As we have seen, the Race and Settlement Main Office began life in 1931 as the SS Race Office. Although small, it exercised a disproportionately large influence in the pre-war SS largely because it was led by Richard Darré, Himmler’s friend and adviser. In its first few years of operation, the Race Office had a primarily advisory function: setting basic racial criteria for recruitment into the SS, for officer commissions and for engagements and marriages of SS men. In practice, new recruits were admitted to the organisation, commissioned and given permission to marry by their local commanders, who then simply notified the Race Office.

Darré was also highly active in agricultural policy. Before he joined the SS, he had been central in setting up the NSDAP’s “Farm Policy Apparatus,” and it was his idea that the SS should become an agricultural aristocracy,1 with SS families settled in farms, smallholdings and “garden cities.” The “settlement” branch of the Race Office was created to implement this. Darré assiduously cultivated middle- and upper-class farmers—often influential local community leaders—and persuaded many of them to join the SS or, at least, the National Socialist Party. He was installed as Minister of Agriculture at the end of June 1933, replacing Alfred Hugenberg, the Nationalist press baron, who had originally held the agriculture portfolio in the NSDAP-Nationalist coalition cabinet of January 1933.2 The Farm Policy Apparatus effectively became a branch of the state, with Darré’s contacts installed as regional and local “farm leaders.” In subsequent years, Darré would often utilise these men as his regional race and settlement “experts” within the Race and Settlement Office.

On 30 January 1935, the Race and Settlement Office gained equal status to the SS-Main Office. It now had four main responsibilities: the ideological training of SS members; racial selection and filtering of members and their spouses; agricultural settlement and training for members; and family welfare.3 The settlement branch was notably active, particularly once Curt von Gottberg—a minor East Prussian aristocrat who had joined the SS a few weeks before the National Socialists assumed power—became its leader in 1936. Von Gottberg started to use Agricultural Settlement Companies, wholly or partly owned by the SS, to gain control of large estates that could then be divided into small farms for SS members, and he imposed central control over all SS housing projects.4

Another particularly active branch was the Sippenamt (Office for Family Affairs), which assumed responsibility for the racial vetting of all SS applicants, and for checking the racial background of members’ spouses. Any SS man who wished to marry had to produce a detailed family tree going back to at least 1750 for both himself and his fiancée, proving that neither had Jewish or any other “undesirable” antecedents,* together with medical reports, political references and other background information, accompanied by portrait and full-length photographs. In theory, all of this information would be checked in detail by local representatives of the Race and Settlement Office, by SS units and, in “difficult” cases, by the central office in Berlin; Himmler continued to take a close interest in the racial exclusivity of the SS until 1945, and he was frequently called upon to act as final arbiter in problematic cases.*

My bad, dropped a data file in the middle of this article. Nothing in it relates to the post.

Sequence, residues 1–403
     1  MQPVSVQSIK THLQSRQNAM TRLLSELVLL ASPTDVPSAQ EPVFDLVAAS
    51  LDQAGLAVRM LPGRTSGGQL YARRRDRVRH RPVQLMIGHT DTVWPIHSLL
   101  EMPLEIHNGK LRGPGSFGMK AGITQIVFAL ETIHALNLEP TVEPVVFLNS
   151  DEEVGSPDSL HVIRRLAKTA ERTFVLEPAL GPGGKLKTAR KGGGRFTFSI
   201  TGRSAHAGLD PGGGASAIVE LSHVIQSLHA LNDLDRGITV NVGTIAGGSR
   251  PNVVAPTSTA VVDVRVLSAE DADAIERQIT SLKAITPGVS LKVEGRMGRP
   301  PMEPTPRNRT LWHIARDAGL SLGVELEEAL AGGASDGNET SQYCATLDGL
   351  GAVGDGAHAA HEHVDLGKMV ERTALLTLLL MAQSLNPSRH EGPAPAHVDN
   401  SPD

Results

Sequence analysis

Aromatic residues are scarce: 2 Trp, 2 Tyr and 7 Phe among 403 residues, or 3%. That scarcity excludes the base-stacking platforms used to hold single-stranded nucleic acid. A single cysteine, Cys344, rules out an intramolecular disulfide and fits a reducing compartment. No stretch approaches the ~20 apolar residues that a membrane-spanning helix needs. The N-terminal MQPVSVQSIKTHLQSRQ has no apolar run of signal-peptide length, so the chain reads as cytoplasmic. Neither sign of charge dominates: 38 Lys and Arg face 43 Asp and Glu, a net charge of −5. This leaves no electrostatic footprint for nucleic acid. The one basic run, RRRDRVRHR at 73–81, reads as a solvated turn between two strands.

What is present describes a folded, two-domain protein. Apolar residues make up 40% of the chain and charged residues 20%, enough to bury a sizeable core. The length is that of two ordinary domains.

The Office for Family Affairs also oversaw the activities of one of the more controversial SS organisations: the Lebensborn e. V. (Well of Life Society), which was founded in 1935.5 Post-war sensationalism has obscured this society’s true role—to increase Germany’s birthrate. (The rate had declined dramatically in the early 1930s because young men were reluctant to take on the financial burden of providing for a family in the midst of a depression.6) In 1936, Himmler wrote to SS members ordering them to support the society and explaining why it had been established:

The organisation “Lebensborn e. V.” serves the SS leaders in the selection and adoption of qualified children. The organisation “Lebensborn e. V.” is under my personal direction, is part of the Race and Settlement Main Office of the SS, and has the following obligations:

1. Aid for racially and biologically hereditarily valuable families.

2. The accommodation of racially and biologically hereditarily valuable mothers in appropriate homes, etc.

3. Care of the children of such families.

4. Care of the mothers.7

The society built a number of maternity homes, where SS men’s wives could give birth and receive advice, help and medical treatment. The homes also cared for other “racially suitable” women, even if they were unmarried, particularly when the father was in the SS. They were eventually built throughout Germany, in occupied North-West Europe (there were at least nine in Norway alone), and in Poland. Between 20,000 and 25,000 children were born within the system.